Sunday, 7 July 2013

Why Giving Blood is Beneficial to the Donor

Giving blood is beneficial for the donor as well as the recipient. Studies carried out in the UK,USA and Finland on tens of thousands of people have demonstrated there are many benefits accruing to the donor from giving blood which are not normally understood by the general public.  The main benefits for the donor are: a reduced risk of a stroke or heart attack; a lesser chance of getting cancer; and a loss of weight resulting from the blood donation itself.

When you give blood, the body replaces the amount donated within two days but it takes up to 56 days to replace all the red blood cells. Forcing the body to create new blood as a consequence of a donation, means the new replacement blood introduced is more fluid thereby having a thinning effect on all the blood in the body. If your blood before the donation was thick or sticky, putting you at risk of a stroke or heart attack because this type of blood puts pressure on the heart to pump it to all the vital areas of the body, the thinner blood resulting from your donation is therefore beneficial to the body.

If you suspect that you are at risk of a stroke or heart attack, one constructive thing you can do is give blood regularly. Because of the 56 days it takes to replace the red blood cells, most national health services will forbid you from making a further blood donation until your body has fully recovered from the last one. However, you could schedule your donations at 3 monthly ( ninety days) intervals quite easily and thereby reap the compounded benefits of forcing the body to keep the blood more fluid and less viscous.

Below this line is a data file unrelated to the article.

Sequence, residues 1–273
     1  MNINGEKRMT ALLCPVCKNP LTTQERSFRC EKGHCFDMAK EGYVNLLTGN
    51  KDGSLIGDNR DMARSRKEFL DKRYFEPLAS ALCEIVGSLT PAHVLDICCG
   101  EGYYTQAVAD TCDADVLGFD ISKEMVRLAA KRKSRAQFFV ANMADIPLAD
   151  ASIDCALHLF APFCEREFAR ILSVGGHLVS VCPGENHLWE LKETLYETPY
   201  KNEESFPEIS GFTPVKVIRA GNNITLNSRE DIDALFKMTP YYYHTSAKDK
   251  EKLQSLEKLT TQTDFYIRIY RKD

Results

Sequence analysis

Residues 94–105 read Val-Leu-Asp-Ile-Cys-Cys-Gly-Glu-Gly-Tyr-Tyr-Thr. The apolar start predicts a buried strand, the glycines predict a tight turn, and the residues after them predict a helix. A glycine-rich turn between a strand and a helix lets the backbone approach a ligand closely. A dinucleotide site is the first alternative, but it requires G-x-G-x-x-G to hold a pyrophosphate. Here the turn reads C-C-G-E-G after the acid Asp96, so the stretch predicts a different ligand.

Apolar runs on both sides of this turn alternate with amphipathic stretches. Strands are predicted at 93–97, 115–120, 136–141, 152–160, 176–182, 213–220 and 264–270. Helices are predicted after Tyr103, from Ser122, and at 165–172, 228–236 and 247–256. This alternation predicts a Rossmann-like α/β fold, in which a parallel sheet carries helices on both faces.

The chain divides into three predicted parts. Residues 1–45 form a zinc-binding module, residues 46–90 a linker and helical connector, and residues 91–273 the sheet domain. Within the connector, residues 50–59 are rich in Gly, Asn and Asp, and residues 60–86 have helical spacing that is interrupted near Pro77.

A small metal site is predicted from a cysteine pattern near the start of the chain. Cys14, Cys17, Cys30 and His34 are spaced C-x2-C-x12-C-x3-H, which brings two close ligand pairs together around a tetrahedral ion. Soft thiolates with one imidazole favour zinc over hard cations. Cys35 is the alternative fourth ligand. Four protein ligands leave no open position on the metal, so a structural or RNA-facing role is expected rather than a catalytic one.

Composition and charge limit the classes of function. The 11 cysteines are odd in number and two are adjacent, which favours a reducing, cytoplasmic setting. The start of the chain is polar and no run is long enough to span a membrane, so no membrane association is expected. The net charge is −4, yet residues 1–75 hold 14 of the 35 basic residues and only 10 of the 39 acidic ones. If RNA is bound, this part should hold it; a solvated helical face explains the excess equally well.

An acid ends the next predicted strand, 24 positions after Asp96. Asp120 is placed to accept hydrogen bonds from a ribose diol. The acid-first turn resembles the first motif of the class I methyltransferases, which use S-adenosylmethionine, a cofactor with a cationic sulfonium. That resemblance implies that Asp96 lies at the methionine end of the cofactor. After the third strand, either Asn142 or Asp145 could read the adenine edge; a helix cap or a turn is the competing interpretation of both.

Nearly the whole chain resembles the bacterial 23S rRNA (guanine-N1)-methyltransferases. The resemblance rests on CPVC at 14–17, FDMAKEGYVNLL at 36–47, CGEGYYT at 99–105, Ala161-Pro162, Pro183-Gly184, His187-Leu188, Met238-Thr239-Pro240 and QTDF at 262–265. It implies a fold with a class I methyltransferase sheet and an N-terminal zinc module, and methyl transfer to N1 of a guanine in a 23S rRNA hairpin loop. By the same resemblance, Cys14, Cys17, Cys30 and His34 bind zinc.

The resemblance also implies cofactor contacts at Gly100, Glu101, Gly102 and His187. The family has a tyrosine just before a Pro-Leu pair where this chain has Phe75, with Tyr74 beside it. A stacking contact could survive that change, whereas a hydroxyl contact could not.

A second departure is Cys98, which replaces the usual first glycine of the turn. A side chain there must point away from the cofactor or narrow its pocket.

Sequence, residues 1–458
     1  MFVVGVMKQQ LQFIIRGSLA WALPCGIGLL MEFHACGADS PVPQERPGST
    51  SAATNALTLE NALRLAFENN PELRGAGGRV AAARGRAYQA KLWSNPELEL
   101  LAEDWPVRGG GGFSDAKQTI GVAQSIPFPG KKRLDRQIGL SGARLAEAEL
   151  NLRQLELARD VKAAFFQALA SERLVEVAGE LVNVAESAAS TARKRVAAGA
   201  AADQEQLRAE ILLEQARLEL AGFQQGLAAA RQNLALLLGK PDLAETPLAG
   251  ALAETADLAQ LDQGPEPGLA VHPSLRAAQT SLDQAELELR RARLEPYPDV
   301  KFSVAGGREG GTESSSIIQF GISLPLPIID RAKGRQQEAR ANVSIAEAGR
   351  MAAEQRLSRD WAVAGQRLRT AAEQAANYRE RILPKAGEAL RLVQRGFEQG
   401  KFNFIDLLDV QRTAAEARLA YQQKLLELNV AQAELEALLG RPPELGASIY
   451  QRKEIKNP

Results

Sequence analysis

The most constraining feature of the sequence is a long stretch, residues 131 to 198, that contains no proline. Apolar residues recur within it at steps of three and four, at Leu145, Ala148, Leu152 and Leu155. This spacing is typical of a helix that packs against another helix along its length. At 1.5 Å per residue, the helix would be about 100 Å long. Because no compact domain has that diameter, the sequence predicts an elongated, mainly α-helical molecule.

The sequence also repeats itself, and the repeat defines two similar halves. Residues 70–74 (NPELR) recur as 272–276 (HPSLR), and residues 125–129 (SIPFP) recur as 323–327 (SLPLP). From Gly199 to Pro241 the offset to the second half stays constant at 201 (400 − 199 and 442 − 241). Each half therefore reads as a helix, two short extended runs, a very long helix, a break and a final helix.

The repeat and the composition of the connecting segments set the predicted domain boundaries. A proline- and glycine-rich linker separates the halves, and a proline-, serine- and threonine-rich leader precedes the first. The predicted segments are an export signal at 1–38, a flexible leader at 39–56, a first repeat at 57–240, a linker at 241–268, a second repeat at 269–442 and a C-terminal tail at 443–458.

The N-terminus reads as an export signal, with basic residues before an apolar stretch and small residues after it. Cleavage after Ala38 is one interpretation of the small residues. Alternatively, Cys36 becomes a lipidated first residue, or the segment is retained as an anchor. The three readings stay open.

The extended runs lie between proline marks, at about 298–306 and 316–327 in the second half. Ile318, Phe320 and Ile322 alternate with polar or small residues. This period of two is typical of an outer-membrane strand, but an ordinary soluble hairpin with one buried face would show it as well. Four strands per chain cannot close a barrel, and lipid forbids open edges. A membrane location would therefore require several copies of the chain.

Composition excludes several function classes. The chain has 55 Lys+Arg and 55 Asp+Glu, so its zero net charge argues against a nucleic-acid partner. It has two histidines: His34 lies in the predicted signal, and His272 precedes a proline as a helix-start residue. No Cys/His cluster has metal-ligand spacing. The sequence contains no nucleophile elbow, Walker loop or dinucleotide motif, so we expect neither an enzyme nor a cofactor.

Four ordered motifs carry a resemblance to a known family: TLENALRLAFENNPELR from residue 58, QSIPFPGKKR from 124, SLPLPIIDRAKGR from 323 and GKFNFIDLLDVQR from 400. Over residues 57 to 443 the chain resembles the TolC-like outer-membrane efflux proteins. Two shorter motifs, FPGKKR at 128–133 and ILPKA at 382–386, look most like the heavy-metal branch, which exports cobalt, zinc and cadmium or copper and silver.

Giving blood also reduces the amount of iron in the blood. The latter has a bearing on the susceptibility to getting cancer. One study in Finland involving 3,000 people found a significant decrease in the number of people getting cancer who gave blood regularly (at least once every six months) compared to those who didn’t contribute at all. The National Cancer Institute in the UK in its Journal also links increased iron levels in the body with an increased risk of developing cancer as a consequence of free radical damage.

Another side effect of giving blood is that the donor loses weight as a consequence of this action. The University Of California in San Diego estimate that for every pint of blood donated 650 calories are burned as a result of the body’s efforts to replenish itself. This equates roughly to a pound (2.2 Kilograms) loss of weight per each pint of blood donated. If you donate regularly, the loss of weight over time can be quite significant.

Other benefits include donors in the USA getting a free blood test worth about $300 when contributing blood. Blood banks in that country test the blood for infectious diseases before using it, and if anything significant is found, they will let the donor know and the blood will not be used.

The NHS (National Health Service) in the UK advises donors to contribute blood for altruistic reasons rather than for donor benefits. I do not entirely agree with this as the satisfaction a person gets from helping others, in certain cases, can itself be a donor benefit. I don’t see any valid reasons why donor benefits shouldn’t be highlighted.